At every point he sees “sending” as implying “being in authority over/being in submission to, etc.” Why must it be this way? None of these passages remotely suggest eternal submission. Even worse, as he correctly notes the Father and Son are co-senders of the Spirit, he then goes on to say that the Father is the ultimate sender (i.e., ultimate authority), which means the Son is the penultimate authority, which leaves the Spirit in a rather awkward place (97ff). It gets worse. This means the Spirit is twice removed from the Father in terms of eternal submission. Ware has come right to the edge (if he hasn’t already crossed over) to Plotinus and Gnosticism (yes, I realize that Plotinus opposed Gnosticism).
Beholding the Wonder of the Holy Spirit
(Let’s get this over with.)
The structure of this chapter is similar to the previous two. The only thing that distinguishes the Spirit is that he is his role. Unlike the Son, he is in Submission (gradation?) to two divine persons.
Things he gets right
Ware is attuned to the Trinitarian ordo, especially as it relates to worship (Eph. 1:3-14), even if he frames it in typically bad concepts (Ware 19). He understands that the persons of the Trinity are related to each other in a specific order, rather than just popping in and out of infinity. This applies especially well to our prayer life (151). In Christ we have access in one Spirit to the Father. What Ware doesn’t realize is that this is an epistemological grammar, not an ontological one.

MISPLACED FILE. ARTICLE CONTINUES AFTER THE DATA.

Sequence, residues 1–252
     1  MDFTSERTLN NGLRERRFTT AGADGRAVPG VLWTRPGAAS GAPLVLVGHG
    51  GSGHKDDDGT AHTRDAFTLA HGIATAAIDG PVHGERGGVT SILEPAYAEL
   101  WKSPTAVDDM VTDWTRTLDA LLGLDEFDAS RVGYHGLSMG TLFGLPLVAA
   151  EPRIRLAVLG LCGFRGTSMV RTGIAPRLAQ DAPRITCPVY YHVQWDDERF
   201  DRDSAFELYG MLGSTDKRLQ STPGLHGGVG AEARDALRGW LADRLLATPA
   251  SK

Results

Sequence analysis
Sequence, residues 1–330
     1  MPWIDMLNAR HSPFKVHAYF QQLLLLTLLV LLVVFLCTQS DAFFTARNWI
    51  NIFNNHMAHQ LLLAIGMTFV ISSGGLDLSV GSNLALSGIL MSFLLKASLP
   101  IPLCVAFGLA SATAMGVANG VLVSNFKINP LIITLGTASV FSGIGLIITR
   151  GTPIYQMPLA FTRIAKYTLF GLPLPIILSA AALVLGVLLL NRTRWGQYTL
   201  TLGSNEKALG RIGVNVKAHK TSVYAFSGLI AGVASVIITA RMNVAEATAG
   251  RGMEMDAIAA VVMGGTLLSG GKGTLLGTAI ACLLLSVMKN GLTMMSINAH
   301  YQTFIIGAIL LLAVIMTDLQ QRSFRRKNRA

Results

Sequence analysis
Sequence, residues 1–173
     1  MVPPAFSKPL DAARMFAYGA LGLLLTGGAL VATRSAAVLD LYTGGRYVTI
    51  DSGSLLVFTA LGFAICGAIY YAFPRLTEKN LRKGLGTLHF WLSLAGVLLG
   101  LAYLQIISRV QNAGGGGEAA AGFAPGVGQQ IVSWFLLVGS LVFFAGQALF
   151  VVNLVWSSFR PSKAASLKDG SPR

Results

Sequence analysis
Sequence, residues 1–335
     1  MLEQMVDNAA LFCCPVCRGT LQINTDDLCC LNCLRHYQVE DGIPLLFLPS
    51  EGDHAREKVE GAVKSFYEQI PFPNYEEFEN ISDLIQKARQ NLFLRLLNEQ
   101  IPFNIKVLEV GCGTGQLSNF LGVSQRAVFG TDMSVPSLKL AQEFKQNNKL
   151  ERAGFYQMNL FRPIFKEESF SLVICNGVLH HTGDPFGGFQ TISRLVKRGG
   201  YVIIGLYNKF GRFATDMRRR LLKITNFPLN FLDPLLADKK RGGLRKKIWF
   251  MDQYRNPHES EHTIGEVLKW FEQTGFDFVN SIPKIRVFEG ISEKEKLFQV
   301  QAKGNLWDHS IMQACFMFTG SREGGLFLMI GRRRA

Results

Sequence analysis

Ware correctly notes that Jesus does his miracles by the power of the Holy Spirit (Matt. 12:28). There is a tendency to see Jesus simply zapping miracles left and right because he is God. That’s not actually how we see it in the text.
His stuff on the image of God is fairly good. We are God’s representatives. His problem is that he immediately reduces it to roles of authority-submission in the human sphere (133).